Asia has been commemorating the 60th anniversary of the end of World War II.
From solemn ceremonies like this in a temple in Seoul to demonstrations and festivities elsewhere in Asia, the region has been commemorating the 60th anniversary of the end of the Japanese occupation and honored those who fought and died.
In Hong Kong Sunday, activists demonstrated against what they call Japan's lack of atonement and compensation for those who suffered during the period. Among them, a 84 year-old woman from Wuhan, China, who says she was used as a sex slave by Japanese soldiers.
She says the Japanese destroyed her whole life. She says after she became a comfort woman, she could no longer bear children.
In South Korea, a North Korean delegation joined Liberation Day celebrations in Seoul, commemorating a time when the Korean Peninsula was united against the Japanese.
Korea was split into the capitalist South and communist North shortly after liberation, and the two sides are technically still at war. But they used this occasion to exchange emotional video messages and hold a friendly soccer match in Seoul between their national teams.
Also, on Sunday, the North Korean delegation for the first time offered prayers at South Korea's National Cemetery, where war dead, including those who fought during the Korean War, are buried.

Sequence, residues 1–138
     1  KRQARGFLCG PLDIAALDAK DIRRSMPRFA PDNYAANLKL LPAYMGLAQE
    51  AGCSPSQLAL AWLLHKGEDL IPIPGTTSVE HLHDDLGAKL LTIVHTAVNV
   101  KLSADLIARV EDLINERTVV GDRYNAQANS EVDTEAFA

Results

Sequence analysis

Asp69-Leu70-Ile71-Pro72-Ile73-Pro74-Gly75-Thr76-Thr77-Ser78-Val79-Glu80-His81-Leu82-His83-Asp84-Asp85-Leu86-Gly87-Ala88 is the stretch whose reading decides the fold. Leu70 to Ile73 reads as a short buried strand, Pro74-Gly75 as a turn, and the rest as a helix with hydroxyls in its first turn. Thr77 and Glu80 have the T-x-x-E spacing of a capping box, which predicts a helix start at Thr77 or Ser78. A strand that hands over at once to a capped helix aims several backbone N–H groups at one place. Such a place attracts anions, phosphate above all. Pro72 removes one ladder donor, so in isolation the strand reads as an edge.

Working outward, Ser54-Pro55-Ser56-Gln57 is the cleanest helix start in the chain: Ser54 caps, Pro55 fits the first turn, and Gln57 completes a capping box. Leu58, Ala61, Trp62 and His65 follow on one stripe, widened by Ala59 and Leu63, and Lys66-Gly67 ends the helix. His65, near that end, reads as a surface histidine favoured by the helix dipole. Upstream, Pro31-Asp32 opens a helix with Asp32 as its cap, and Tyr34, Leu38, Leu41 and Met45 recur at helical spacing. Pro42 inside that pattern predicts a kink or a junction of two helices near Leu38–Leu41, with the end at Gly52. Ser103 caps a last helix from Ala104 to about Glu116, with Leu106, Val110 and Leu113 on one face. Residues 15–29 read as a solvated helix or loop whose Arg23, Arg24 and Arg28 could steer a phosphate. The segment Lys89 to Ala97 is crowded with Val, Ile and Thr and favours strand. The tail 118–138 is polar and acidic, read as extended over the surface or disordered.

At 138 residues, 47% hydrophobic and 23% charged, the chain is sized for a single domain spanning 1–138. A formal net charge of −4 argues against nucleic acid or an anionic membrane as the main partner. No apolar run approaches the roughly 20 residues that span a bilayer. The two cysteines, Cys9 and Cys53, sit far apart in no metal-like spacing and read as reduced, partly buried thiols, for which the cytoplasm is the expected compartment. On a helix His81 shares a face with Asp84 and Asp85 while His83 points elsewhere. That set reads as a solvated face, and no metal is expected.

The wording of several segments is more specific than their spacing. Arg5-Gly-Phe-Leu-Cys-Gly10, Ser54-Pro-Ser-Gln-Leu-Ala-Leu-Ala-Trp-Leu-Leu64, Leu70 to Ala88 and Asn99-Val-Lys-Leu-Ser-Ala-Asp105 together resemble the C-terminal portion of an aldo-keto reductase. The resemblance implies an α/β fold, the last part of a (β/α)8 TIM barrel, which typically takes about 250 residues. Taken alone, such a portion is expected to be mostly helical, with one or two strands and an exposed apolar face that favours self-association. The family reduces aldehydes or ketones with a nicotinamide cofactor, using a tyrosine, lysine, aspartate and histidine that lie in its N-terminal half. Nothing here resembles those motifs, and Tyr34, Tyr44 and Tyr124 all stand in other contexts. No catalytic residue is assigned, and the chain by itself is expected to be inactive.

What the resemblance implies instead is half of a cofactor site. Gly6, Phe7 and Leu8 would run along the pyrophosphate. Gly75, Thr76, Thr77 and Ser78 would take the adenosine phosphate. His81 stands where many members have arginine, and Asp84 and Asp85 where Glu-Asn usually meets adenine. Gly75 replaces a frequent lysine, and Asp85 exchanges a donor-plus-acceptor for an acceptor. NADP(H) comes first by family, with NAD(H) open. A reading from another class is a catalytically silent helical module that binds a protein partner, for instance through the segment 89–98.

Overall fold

Japan colonized the Korean Peninsula from 1910 to 1945. It occupied much of Asia, from parts of China to the Pacific islands, from 1941 until its surrender on August 14, 1945.
Millions of people died during the occupation through fighting, execution, disease and hunger, and millions more suffered under what many survivors call the "cruelty" of the Japanese.
Japanese Prime Minister Junichiro Koizumi Monday issued what he called a "sincere apology" for Japan's colonial occupation and military aggression and vowed to forge better relations with neighbors.
But Monday's editorials in Chinese state media dismissed Japan's repeated apologies and questioned their sincerity. The Chinese and other Asians are particularly angered by the visits of Japanese officials to the Yasukuni Shrine, which honors Japanese war dead, including convicted war criminals.
Security was stepped up around Japanese diplomatic missions in China Monday. Anti-Japanese sentiment has previously resulted in violence.
In the Australian capital of Canberra, thousands of people gathered at the War Memorial to pay tribute to the 40,000 Australians who died during the war. Prime Minister John Howard praised his country's role in the Allied victory over Japan.
"This was a good and just war fought not for conquest but for liberty. Freedom's torch was preserved not just here in Australia but in the Pacific and in Europe. This was a war of liberation, which in a real sense liberated the people of our once bitter enemies," he said.
Japan surrendered shortly after U.S. atomic bombs destroyed the cities of Hiroshima and Nagasaki, the first and only time nuclear weapons were used during war.